Solar Projects Boost Local Govt. Revenues, Reduce Local Tax Bills

March 3, 2023

The following is from Larry DeBoer, professor of agricultural economics at Purdue University.

Utilities are building a lot of solar energy projects in Indiana. Fields of solar panels will become a common part of our landscape. This may help avert some consequences of climate change on the planet. But what are the local consequences?

Building a solar project creates a lot of local spending and quite a few jobs. Once construction is done, though, projects need few employees, and there is little effect on local spending. There are no suppliers of solar equipment located in Indiana. Lease payments received by landowners may or may not be spent locally.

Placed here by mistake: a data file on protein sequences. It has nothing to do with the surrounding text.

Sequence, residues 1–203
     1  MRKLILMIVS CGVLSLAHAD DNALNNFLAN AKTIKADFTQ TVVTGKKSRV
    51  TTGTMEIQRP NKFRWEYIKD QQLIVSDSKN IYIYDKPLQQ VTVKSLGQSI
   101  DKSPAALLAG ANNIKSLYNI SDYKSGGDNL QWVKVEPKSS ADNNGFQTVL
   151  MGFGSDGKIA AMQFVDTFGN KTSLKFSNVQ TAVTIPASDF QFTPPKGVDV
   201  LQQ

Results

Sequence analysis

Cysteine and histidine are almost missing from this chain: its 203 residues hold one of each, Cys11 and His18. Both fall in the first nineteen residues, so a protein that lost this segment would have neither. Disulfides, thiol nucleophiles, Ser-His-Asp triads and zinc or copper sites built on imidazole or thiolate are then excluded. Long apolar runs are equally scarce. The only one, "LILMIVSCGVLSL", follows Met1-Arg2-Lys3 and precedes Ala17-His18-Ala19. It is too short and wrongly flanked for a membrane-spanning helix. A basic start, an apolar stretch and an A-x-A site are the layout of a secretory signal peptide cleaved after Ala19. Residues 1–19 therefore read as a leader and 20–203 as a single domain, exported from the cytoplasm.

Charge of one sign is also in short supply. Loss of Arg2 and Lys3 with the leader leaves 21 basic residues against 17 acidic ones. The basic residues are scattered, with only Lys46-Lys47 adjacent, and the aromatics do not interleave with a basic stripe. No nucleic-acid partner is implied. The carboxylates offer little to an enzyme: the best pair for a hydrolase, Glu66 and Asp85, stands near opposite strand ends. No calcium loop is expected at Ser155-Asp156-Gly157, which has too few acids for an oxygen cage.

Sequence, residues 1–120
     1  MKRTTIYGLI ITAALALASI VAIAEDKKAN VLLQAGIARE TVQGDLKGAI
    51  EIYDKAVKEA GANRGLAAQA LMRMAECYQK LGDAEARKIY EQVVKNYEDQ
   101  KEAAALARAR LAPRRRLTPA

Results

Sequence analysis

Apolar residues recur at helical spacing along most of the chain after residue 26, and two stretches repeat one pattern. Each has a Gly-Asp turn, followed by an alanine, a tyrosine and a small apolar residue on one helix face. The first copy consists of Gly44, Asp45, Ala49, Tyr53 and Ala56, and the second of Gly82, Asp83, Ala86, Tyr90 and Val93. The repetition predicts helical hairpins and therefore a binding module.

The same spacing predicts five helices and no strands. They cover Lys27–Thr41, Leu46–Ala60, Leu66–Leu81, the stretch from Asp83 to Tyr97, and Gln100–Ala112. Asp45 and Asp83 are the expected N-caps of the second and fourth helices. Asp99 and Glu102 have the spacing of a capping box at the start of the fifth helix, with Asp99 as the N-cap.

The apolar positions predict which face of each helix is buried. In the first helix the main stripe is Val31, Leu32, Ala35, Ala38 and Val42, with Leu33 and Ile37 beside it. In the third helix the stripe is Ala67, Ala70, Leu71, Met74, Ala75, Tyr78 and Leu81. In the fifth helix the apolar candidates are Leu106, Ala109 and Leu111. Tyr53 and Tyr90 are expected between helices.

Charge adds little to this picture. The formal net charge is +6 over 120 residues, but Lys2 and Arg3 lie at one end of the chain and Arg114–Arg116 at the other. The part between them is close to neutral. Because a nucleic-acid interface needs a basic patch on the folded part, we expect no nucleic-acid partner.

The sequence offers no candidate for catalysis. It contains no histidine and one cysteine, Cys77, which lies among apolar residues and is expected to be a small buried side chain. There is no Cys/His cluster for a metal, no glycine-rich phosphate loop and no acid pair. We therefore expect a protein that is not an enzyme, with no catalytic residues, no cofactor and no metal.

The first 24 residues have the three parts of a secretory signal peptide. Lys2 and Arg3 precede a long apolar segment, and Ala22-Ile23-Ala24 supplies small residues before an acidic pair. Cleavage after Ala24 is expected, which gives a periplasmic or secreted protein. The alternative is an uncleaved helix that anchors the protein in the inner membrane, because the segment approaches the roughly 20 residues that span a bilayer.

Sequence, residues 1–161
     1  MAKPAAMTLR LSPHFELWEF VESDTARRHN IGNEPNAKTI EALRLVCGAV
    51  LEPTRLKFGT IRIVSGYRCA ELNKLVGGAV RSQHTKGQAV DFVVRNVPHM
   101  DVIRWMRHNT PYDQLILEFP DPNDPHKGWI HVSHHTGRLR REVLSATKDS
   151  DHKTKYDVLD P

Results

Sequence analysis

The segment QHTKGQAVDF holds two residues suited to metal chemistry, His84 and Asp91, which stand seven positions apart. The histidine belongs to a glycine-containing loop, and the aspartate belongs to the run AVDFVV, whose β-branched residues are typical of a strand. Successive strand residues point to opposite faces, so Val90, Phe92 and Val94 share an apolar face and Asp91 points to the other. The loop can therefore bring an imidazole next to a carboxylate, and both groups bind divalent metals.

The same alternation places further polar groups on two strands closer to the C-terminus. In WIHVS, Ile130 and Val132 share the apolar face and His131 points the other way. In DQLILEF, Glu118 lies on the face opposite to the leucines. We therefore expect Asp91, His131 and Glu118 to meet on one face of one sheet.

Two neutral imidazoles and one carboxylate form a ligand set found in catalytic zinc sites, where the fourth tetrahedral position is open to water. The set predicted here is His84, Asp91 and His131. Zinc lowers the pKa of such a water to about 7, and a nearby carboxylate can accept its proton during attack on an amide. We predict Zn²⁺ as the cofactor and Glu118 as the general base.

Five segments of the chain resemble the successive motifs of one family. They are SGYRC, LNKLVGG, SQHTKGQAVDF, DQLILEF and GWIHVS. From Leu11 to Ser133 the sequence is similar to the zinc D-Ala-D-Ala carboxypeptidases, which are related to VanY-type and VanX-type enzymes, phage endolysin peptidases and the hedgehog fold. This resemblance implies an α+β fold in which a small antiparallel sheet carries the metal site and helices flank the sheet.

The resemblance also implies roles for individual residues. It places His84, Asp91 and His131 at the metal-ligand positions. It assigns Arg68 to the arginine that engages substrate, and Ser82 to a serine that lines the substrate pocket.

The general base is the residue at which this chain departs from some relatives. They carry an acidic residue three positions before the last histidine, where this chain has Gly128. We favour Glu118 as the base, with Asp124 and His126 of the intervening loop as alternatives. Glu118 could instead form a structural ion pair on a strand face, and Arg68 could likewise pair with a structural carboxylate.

The main effect on local communities is through the added property taxes paid by the solar companies. A recent study of nine solar energy projects in eight Indiana counties estimates this effect. The study was conducted by the Purdue Center for Regional Development, and I worked on the property tax.

A solar company buys or leases land, and builds fields of solar panels. Then the county assessor puts a value on the project for property taxes. The equipment, called personal property, is assessed at a depreciated value of its initial cost. Within a few years depreciation hits the famous “30-percent floor,” which means the minimum assessed value of the company’s equipment cannot fall below 30% of the initial cost. The study showed that personal property averaged about $50,000 per acre.

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